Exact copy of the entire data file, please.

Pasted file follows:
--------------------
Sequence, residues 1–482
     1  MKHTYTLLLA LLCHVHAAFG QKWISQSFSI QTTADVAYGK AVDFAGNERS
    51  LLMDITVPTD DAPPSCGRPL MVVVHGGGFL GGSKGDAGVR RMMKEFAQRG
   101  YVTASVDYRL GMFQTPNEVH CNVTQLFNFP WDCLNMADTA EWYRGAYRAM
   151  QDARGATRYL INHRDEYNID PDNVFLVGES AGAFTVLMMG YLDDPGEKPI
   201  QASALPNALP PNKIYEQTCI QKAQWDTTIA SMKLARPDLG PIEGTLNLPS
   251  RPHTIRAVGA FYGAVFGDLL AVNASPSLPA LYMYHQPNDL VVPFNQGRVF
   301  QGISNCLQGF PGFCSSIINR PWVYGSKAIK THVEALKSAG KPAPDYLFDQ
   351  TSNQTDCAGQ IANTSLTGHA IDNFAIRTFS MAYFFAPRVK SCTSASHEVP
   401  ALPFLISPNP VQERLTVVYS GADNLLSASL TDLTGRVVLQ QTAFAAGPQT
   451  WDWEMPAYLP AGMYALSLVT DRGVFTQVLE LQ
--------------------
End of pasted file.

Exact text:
Sequence, residues 1–482
     1  MKHTYTLLLA LLCHVHAAFG QKWISQSFSI QTTADVAYGK AVDFAGNERS
    51  LLMDITVPTD DAPPSCGRPL MVVVHGGGFL GGSKGDAGVR RMMKEFAQRG
   101  YVTASVDYRL GMFQTPNEVH CNVTQLFNFP WDCLNMADTA EWYRGAYRAM
   151  QDARGATRYL INHRDEYNID PDNVFLVGES AGAFTVLMMG YLDDPGEKPI
   201  QASALPNALP PNKIYEQTCI QKAQWDTTIA SMKLARPDLG PIEGTLNLPS
   251  RPHTIRAVGA FYGAVFGDLL AVNASPSLPA LYMYHQPNDL VVPFNQGRVF
   301  QGISNCLQGF PGFCSSIINR PWVYGSKAIK THVEALKSAG KPAPDYLFDQ
   351  TSNQTDCAGQ IANTSLTGHA IDNFAIRTFS MAYFFAPRVK SCTSASHEVP
   401  ALPFLISPNP VQERLTVVYS GADNLLSASL TDLTGRVVLQ QTAFAAGPQT
   451  WDWEMPAYLP AGMYALSLVT DRGVFTQVLE LQ